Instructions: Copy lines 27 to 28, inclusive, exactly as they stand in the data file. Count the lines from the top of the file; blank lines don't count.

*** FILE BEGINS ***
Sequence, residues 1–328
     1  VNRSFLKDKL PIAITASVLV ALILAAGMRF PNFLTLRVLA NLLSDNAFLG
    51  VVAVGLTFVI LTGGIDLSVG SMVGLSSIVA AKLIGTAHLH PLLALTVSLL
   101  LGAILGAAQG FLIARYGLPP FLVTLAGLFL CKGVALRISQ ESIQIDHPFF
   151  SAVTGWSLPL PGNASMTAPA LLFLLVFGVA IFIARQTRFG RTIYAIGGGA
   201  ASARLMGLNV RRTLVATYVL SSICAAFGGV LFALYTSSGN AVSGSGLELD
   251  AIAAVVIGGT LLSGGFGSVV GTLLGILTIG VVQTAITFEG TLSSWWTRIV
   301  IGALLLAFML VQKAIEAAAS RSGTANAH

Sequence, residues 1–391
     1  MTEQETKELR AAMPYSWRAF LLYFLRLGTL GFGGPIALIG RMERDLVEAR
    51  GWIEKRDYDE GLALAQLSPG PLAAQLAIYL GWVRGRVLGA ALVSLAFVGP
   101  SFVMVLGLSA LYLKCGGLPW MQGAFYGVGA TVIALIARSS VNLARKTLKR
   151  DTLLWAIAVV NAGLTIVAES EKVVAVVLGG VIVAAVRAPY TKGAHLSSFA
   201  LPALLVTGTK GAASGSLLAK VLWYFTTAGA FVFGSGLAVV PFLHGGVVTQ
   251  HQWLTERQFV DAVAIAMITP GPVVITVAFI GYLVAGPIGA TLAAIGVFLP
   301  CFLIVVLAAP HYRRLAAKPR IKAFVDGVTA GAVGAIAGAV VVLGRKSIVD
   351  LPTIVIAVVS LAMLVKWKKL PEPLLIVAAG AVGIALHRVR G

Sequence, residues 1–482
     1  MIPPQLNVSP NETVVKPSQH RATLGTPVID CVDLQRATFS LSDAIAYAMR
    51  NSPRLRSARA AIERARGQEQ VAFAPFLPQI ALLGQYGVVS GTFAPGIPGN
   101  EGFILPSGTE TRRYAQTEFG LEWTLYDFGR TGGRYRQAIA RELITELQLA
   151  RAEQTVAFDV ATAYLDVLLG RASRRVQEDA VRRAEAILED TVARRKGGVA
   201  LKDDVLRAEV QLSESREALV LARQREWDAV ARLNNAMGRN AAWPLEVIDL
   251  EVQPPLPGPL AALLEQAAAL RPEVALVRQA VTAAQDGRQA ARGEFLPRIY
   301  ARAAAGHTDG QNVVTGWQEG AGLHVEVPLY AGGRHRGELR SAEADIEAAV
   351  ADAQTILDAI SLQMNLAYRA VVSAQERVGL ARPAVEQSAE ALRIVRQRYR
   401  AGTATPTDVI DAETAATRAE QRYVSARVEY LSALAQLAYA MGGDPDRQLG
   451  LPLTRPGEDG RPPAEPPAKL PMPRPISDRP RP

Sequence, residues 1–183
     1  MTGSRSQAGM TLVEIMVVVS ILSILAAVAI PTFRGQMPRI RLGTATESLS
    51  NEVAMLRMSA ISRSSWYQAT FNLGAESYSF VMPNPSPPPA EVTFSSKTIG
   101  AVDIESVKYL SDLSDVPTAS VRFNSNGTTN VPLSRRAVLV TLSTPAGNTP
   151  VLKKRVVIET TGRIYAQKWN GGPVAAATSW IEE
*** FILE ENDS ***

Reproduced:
   401  AGTATPTDVI DAETAATRAE QRYVSARVEY LSALAQLAYA MGGDPDRQLG
   451  LPLTRPGEDG RPPAEPPAKL PMPRPISDRP RP